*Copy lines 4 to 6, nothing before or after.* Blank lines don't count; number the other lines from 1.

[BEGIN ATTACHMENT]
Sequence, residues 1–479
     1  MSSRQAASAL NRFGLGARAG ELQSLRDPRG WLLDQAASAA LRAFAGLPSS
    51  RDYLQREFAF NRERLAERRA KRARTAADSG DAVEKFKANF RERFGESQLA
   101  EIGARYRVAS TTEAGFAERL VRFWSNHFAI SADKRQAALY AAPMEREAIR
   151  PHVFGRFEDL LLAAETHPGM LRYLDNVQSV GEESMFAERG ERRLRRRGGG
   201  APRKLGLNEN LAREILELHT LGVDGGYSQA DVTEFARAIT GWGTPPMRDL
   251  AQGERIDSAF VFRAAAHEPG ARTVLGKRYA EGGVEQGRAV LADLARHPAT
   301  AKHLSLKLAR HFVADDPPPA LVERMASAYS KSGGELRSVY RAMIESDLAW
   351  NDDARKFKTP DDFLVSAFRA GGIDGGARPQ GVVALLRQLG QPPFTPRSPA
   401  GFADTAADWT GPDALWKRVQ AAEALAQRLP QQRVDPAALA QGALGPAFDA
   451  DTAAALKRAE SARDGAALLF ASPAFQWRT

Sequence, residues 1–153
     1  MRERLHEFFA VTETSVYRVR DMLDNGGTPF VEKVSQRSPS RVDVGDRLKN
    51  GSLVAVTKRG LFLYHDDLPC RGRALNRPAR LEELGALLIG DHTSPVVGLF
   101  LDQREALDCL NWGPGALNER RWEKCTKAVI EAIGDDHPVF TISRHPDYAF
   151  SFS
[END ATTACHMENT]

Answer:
   101  EIGARYRVAS TTEAGFAERL VRFWSNHFAI SADKRQAALY AAPMEREAIR
   151  PHVFGRFEDL LLAAETHPGM LRYLDNVQSV GEESMFAERG ERRLRRRGGG
   201  APRKLGLNEN LAREILELHT LGVDGGYSQA DVTEFARAIT GWGTPPMRDL